One of the nation’s most prolific playwrights, Nelson wrote the book for the musical James Joyce’s The Dead, which earned him a Tony Award in 2000. Among his other works are Franny’s Way (Drama Desk Award nominee), Goodnight Children Everywhere (Olivier Award), Two Shakespearean Actors (Tony Award nominee), Some Americans Abroad (Olivier Award nominee) and Principia Scriptoriae (London Time Out Award). Nelson also won the 2008 PEN/Laura Pels Master Playwright Award and a 2008 Academy Award from the American Academy of Arts and Letters, both for his career. He is an honorary artistic associate of the Royal Shakespeare Company, which has produced ten of his plays.
The Gabriels Marathons (all three plays): Sat 20, Sun 21 & Sat 27 May, 1.30pm, 4.15pm and 7.30pm. Hungry: Tues 23 May, 8pm, What Did You Expect: Wed 24 May, 8pm, Woman of a Certain Age: Thurs 25 May, 8pm
The full programme announcement is on 15 Feb 2017. Members' Priority Booking opens Thurs 16 Feb 2017. Public booking opens Fri 24 Feb 2017.
Brighton Dome & Brighton Festival international programme is kindly supported by Gatwick Airport and The Gabriels: Election Year in the Life of One Family by University of Sussex.
Titles announced for City Reads and Young City Reads 2017
The debut novel by Sharon Duggal The Handsworth Times has been chosen for City Reads while A.F. Harrold’s Fizzlebert Stump The Boy Who Ran Away from the Circus (and Joined the Library) has been picked for Young City Reads as part of Brighton Festival 2017.
City Reads and Young City Reads are city-wide ‘big reads’ delivered by award winning literary organisation Collected Works CIC, designed to spread a love of books and ideas to the widest possible audience throughout Brighton & Hove. This year they launch on 2 March (World Book Day) and run until May with a series of events themed around the books to encourage people across the city to get reading and start talking.
Brighton-based British Asian writer Sharon Duggal’s novel, published by Bluemoose Books, is set in 1981 where factories are closing, unemployment is high, the NF are marching and the neglected inner cities are ablaze as riots breakout across Thatcher's fractured Britain. The Agarwal family are facing their own personal tragedy, but their pain is eased through humour, friendship and community.
Sarah Hutchings, Artistic Director of City Reads says: ‘Sharon Duggal’s outstanding debut was the unanimous favourite of our reading panel for this year’s City Reads. 2016 saw Britain polarised following the Brexit referendum, leading to some bitter arguments and disputes within communities. Sharon’s book couldn’t have been published at a more relevant time. It has heart, humour and courage - I hope you love it as much as we do at City Reads.’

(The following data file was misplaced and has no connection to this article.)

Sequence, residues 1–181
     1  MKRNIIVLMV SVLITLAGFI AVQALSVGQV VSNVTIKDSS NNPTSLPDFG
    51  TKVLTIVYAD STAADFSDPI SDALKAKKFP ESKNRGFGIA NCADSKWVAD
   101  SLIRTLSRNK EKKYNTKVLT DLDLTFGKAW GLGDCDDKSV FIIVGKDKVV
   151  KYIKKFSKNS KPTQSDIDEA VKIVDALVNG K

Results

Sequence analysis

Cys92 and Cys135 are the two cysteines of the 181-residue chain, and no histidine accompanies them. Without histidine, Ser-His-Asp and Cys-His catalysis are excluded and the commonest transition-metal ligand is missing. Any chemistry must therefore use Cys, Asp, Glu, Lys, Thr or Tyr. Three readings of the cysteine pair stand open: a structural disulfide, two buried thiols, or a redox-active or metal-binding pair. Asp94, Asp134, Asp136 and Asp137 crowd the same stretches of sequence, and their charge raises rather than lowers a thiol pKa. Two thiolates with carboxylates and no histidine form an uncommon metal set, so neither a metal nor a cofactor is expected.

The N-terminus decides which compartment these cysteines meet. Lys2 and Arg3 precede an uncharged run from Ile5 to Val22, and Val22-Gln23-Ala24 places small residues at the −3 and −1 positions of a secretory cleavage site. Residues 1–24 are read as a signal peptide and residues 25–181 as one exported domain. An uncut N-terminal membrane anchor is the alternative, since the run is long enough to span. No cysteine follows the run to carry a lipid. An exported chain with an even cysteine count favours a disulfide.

The title chosen for Young City Reads, the ‘big read’ aimed at children, Fizzlebert Stump The Boy Who Ran Away from the Circus (and Joined the Library), is the story of a boy, a book, some very bad people, some very brave deeds, and the importance of rubber teeth for lions.
Andrew Comben, Chief Executive Brighton Dome & Brighton Festival says: ‘We are delighted that City Reads and Young City Reads are part of Brighton Festival again this year - building on our strong relationship with Collected Works through other partnership projects such as Young City Reads and Adopt an Author. The importance of empathy and community is central to our Guest Director Kate Tempest’s vision for the Festival as a whole, making Sharon Duggal’s powerful debut particularly fitting as a choice for City Reads. And with this year’s Guest Director our youngest in the role to date we are particularly pleased to be providing an opportunity to encourage young booklovers to come together to discuss and share their love of reading – and hopefully nurturing a new generation of artists and art lovers for the future.’
Highlights of City Reads include a Literary Salon at the Regency Townhouse (Wed 29 March), a riotous celebration of the music made during era of The Handsworth Times via a Stick It On Party at The Latest Music Bar (Fri 28 April), perennial favourite The City Reads Book Quiz returns on Wed 22 March, and Sharon Duggal is in conversation at Brighton Festival on 14 May. Young City Reads launches at Jubilee Library on 2 March, with a special Brighton Festival event on 23 May featuring the author and illustrator (Sarah Horne).
Primary school teachers and classes are being invited to register online (for free) at cityreads.co.uk and agree to read Fizzlebert Stump The Boy Who Ran Away from the Circus (and Joined the Library) together in class between 2 March – 23 May 2017. Throughout the project, participating classes will receive free weekly e-bulletins which will include bite-size Fizzlebert Stump quizzes, puzzles and fun activities to complete.
Paul McVeigh's The Good Son was chosen for City Reads 2016 while Hamish and the WorldStoppers by Danny Wallace was the title for Young City Reads 2016.
For more information visit cityreads.co.uk.